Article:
Dimensions of well-being in postgraduate education
Date - 24th September 2004, 12.00-16.30
Venue - SRHE, 73 Collier Street,London, N1
Network - Postgraduate Issues Network
Higher education and research activity have come to the forefront of international debates about economic growth. There has been a growing consensus among policy-makers that post-industrial society and a knowledge-based economy require more highly-educated people with technical and professional skills. This human capital oriented perspective applies to all levels of education but doctoral education has become of paramount significance in world where knowledge becomes the new 'fuel', the higher the knowledge the more refined the fuel and also the ultimate renewable to supporting robust economic growth.
This constitutes one dimension of well-being and the macro-level benefits might well trickle down to the individual level in terms of earning potential and career success. There are other dimensions of wellbeing, for instance: less tangible degrees of happiness or satisfaction in life; but also more tangible measures, of personal health (often linked to relative poverty, such as during periods of study variously, but also in a lifecourse perspective), and of development of attitudes and values, related in turn to dispositions independently of earning to engage in socially worthwhile activities and practices. Our keynote speakers address aspects of well-being in this context. Charikleia Tzanakou reports on a study of personal benefits as outcomes of studying for a doctorate. Elaine Walsh looks more closely into the process of doctoral study and how it interplays with indicators of wellbeing.
Dr Charikleia Tzanakou (ESRC Research Fellow, University of Warwick Institute for Employment Research)
The personal benefits of the PhD
The individual's investment in doctoral education is rather costly – in terms of paying fees, subsistence and foregone earnings – and lengthy. Considering that individuals might yield fewer returns to doctoral investment compared to those from a Master's degree in some subjects, and considering the increasing criticism that the doctorate has received by the media, my study highlights benefits that the doctoral experience brings about beyond financial and career returns for the PhD graduates. It is based on mixed methods research (online survey and follow up interviews) with Greek PhD graduates in natural sciences and engineering who undertook their PhD studies variously in UK and Greek universities 2-7 years ago. Data on the educational background, PhD experience, early career history and apparent benefits of studying for their PhD were collected through an online survey (N=244) and 26 semi-structured interviews with PhD graduates. The combination of qualitative and quantitative analysis of the data allowed in-depth accounts of the benefits, as well as a general picture, of the PhD to emerge. The study showed differences in employment experiences between the UK educated and the Greek educated who were found working in Greece at the time of the online survey in terms of main sector of employment, job satisfaction, and their PhD being a formal requirement for their current employment. In less tangible terms, PhD holders identified further benefits of doctoral education beyond acquiring the specialised knowledge which affected their career advancement, namely their social status and their skills and personal development overall. Even in labour markets where investment in doctoral education might not be justified in terms of meeting individuals' career aspirations, there are other reasons that prospective PhD candidates should be aware of in choosing to pursue this higher level of education.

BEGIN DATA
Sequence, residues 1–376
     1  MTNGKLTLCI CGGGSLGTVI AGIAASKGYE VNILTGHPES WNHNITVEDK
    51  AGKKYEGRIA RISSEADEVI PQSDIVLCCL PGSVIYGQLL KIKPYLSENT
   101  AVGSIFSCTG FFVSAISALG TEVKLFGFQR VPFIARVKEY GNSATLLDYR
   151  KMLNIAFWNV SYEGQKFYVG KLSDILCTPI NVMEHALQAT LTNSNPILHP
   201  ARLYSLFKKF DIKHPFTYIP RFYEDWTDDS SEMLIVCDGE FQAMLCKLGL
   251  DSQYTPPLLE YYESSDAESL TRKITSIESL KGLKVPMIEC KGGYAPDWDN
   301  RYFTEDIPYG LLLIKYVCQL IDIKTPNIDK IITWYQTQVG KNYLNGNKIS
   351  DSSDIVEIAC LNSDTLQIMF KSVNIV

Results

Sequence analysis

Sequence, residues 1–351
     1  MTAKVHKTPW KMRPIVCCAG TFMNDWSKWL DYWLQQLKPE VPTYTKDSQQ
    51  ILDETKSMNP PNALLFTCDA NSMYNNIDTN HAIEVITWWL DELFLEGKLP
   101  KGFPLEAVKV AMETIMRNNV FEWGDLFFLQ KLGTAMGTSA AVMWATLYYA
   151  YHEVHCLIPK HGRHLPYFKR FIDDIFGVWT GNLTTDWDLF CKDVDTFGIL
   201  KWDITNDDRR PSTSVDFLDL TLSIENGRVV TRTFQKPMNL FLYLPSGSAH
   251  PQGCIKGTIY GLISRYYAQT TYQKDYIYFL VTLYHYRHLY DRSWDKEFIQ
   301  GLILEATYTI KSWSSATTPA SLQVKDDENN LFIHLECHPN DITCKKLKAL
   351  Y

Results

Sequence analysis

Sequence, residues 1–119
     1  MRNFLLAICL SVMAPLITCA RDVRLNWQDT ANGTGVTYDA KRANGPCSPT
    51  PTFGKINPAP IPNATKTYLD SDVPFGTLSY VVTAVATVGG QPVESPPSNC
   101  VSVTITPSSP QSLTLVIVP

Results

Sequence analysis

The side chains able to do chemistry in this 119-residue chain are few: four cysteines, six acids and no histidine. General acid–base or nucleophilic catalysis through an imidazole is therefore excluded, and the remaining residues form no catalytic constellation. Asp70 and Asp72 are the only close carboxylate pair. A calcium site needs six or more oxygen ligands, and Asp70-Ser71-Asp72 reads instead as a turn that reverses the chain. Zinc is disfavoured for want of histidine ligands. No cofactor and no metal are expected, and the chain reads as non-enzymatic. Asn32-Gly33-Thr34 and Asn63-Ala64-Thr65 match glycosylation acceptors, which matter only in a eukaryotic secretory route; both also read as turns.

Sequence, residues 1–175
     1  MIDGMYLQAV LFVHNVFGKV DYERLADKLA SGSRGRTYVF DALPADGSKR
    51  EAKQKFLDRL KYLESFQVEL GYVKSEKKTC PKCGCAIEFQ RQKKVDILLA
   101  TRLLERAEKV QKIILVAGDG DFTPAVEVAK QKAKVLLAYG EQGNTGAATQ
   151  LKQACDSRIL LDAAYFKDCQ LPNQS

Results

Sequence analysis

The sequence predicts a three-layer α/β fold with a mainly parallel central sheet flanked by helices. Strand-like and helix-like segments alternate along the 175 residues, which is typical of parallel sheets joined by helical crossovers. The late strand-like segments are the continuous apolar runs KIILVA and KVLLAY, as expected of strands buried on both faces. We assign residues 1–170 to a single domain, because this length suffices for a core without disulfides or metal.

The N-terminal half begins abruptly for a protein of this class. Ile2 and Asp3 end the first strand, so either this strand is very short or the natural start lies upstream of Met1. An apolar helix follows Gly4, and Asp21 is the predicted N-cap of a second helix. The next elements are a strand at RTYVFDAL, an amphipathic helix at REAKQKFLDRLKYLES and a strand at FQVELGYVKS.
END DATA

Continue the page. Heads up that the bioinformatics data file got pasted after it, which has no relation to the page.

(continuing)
Elaine Walsh (Senior Lecturer and Head of Postgraduate Development, Imperial College London Graduate School)
Doctoral students' well-being: how to develop resilience
An on-line well-being assessment was developed for Imperial's PhD population, based upon a clinically approved methodology, and was administered in 2009 and then again in 2014. My presentation will look at what the results tell us about doctoral students' well-being and report on some of the changes over the 5 year interval. I am interested in ways to help researchers develop the necessary resilience to thrive in spite of the inevitable challenges of doing research and will be keen to share ideas with seminar participants. So this session will be partly research seminar but partly also participatory workshop to explore this issue.
The afternoon will end with open discussion drawing from both speakers' contributions and on the general question of well-being and the benefits of higher degree study.
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